Between the 1930 – 40’s cars and large electric refrigerators had increased the size of food shopping trips. But they could not have done it alone. The  shopping cart played a large role in American consumer history. The first shopping cart was designed by Sylvan Nathan Goldman,  an American business man. The shopping cart was introduced on June 4, 1937, in the  Piggly Wiggly supermarket chain in Oklahoma City, of which Goldman was the owner.   He owned the local chain.

Sylvan Goldman While thinking about how he could get people to purchase more-an aha moment  happened.  Funny how it is always about super sizing! Goldman took a  folding chair, put wheels and a basket on it.  WALLAH! Since they were inspired by the folding chair, Goldman called his carts “folding basket carriers”. They did not catch on, men were humiliated by it, women saw it as just another baby carriage.  He hired  greeters to explain their use and models to use the carriages around the store .shopping cartsA female models Goldman’s new invention around his store and demonstrate its utility.

Sylvan Goldman became a millionaire. The  single wire basket shopping carriage became very successful. So why not two? Invented by Orla E. Watson of Kansas city, Missouri, who filed for a patent in September 1946.   It is pretty rare to see these nesting carts around.

shopping cart1  drawing for cart

While the basic design of the cart has changed very little  there has been evolution.  The child seat was added in the 50’s. This made it very much like pushing a baby carriage-but times had changed.  Where women more domesticated in the 50’s? Stores color brand their carts  and some now make them from recycled plastic.  Amazon and other virtual companies use the image to guide consumers  to finalize their purchases.  It is the symbol for consumerism that offers us  individual freedom, autonomy and rational choice.  Wheeling and filling it makes us part of the American Cult of  Consumerism.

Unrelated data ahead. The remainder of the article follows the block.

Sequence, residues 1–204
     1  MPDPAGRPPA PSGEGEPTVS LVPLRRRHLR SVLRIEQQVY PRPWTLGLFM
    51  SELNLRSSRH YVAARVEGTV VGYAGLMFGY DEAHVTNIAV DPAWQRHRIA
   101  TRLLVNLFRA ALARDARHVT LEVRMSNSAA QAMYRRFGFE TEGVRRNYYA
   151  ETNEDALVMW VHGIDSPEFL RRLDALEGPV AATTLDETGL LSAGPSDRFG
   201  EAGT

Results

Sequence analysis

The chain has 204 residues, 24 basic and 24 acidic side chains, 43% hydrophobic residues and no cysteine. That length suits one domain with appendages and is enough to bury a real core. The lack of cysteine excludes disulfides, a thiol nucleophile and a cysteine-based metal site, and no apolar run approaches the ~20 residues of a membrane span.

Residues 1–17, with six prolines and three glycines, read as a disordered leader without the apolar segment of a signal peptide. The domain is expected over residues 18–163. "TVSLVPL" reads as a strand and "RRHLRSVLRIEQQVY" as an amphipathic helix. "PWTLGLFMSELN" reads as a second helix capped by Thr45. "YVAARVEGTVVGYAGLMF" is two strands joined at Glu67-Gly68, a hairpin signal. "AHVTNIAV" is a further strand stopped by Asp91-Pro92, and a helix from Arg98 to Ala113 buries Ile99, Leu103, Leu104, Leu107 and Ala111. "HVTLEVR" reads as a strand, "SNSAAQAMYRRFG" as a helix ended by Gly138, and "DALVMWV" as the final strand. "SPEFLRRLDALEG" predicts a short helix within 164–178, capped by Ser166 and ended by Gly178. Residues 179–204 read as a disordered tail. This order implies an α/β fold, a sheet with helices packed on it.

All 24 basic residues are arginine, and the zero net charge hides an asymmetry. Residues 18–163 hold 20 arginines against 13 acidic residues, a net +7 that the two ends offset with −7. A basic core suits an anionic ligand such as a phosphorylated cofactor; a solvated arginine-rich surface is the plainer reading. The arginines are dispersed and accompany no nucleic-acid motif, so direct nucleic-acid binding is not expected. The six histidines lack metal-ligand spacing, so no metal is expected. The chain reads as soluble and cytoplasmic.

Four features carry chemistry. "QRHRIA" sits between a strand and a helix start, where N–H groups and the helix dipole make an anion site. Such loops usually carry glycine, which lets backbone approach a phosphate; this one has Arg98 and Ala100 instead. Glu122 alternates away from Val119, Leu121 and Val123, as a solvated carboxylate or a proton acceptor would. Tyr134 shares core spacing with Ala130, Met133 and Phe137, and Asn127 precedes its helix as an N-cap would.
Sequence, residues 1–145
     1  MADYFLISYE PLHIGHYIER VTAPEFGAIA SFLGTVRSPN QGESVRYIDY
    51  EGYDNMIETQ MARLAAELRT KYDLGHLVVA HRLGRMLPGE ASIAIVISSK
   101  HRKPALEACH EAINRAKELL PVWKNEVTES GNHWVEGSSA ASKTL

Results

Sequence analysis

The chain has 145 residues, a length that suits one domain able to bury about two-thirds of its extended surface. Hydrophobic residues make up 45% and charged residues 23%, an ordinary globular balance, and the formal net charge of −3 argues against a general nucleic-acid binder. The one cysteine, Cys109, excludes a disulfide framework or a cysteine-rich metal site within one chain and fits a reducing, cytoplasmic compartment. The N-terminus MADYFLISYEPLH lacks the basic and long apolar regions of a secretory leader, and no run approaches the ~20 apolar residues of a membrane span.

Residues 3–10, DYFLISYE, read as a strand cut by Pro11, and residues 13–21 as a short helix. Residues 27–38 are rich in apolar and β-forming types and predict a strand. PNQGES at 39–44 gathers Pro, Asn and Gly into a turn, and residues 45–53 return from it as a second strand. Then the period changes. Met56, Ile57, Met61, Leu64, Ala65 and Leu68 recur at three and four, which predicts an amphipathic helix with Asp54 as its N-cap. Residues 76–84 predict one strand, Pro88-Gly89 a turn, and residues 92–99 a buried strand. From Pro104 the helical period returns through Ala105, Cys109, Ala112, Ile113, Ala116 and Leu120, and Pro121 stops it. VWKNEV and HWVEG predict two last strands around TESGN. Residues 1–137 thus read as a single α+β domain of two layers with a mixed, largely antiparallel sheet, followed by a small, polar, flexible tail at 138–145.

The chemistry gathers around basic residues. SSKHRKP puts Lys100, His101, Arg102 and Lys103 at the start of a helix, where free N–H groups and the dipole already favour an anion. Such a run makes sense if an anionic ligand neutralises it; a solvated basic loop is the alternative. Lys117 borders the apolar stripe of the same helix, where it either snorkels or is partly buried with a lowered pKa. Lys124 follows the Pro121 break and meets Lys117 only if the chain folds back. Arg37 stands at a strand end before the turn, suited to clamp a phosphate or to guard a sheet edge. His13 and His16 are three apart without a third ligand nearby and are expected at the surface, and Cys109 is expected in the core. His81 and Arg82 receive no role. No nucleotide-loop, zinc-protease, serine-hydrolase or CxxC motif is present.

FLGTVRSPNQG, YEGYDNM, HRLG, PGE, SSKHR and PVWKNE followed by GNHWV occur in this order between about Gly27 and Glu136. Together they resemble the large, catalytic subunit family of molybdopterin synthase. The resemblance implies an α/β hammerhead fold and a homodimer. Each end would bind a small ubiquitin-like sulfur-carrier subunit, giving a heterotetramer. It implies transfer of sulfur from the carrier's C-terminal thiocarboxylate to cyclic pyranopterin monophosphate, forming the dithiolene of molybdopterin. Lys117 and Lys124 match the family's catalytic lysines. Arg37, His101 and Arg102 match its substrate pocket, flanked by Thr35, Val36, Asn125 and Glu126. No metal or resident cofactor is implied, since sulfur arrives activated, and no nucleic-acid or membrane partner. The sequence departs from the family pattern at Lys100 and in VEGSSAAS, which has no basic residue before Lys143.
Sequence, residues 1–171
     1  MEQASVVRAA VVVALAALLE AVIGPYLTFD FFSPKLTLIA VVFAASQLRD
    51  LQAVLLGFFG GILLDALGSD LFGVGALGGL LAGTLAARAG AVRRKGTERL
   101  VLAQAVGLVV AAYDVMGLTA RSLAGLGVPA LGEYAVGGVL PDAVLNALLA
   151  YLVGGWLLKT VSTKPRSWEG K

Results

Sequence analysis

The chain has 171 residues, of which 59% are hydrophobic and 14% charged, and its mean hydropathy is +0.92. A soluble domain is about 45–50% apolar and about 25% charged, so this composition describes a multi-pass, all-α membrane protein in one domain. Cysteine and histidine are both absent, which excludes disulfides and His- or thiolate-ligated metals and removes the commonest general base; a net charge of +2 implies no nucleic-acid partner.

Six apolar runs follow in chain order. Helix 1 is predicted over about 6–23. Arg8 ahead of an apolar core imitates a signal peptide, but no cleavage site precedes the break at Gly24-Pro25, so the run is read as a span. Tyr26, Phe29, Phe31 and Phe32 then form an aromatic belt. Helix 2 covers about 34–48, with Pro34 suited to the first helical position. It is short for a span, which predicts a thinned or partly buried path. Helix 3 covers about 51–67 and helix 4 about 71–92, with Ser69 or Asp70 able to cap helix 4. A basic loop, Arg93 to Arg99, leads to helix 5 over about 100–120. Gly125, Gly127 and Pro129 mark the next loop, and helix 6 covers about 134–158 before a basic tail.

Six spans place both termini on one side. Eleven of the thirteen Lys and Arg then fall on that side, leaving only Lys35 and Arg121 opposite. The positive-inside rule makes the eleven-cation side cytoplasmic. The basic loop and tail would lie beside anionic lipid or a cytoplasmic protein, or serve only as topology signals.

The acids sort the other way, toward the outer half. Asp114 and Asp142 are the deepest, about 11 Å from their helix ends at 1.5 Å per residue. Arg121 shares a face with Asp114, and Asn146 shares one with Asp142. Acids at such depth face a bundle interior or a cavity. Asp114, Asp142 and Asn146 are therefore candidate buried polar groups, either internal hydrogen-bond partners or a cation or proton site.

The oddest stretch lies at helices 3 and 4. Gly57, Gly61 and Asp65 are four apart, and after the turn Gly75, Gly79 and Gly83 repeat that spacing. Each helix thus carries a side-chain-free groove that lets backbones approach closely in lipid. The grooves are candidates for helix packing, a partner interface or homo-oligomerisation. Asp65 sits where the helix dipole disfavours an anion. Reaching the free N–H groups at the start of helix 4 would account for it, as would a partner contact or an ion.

The Push and Pull of Pushing Art

May 25, 2012

As  painting students in New England we were actively taught  about Hans Hofmann ‘s “Push and Pull Theory”.  Push and Pull -the visual tensions between forces and counter-forces that gives the viewer an experience of depth and motion on a flat surface. Shapes and colors interact to create a feeling of space and movement. I adored  Hofmann but I was far more intrigued by anti-art  and The Treachery of Images.  If it is flat then let it lay flat.  This fascination and attitude often left me standing alone. I was not a “pure painter”-what ever that means.

That leads me  into  Allan Kaprow’s, Push and Pull: A Furniture Comedy for Hans Hofmann, 1963 .

allen k

allen k1

This installation/intervention/happening consisted of two furnished rooms that could be rearranged by visitors. Pushing and Pulling the furniture anywhere and everywhere stating  that anyone can find or make one or more rooms of any shape, size, proportion, and color — then furnish them perhaps, maybe paint some things or everything. Everyone else can come in and, if the room(s) are furnished, they also can arrange them, accommodating themselves as they see fit.
Each day things changed. Some visitors were so appalled they began to houseclean.

allen k houseclean

Just moving along now. Connecting the dots………………………………………………………………..………..

Artists have a long history of integrating “the spectacle” into their work: from Allan Kaprow’s Happenings and the writings of Guy Debord in the 1960’s, to more contempo art groups such as The Yes Men, Critical Art Ensemble, RTMark, Preemptive Media, and Institute for Applied Autonomy.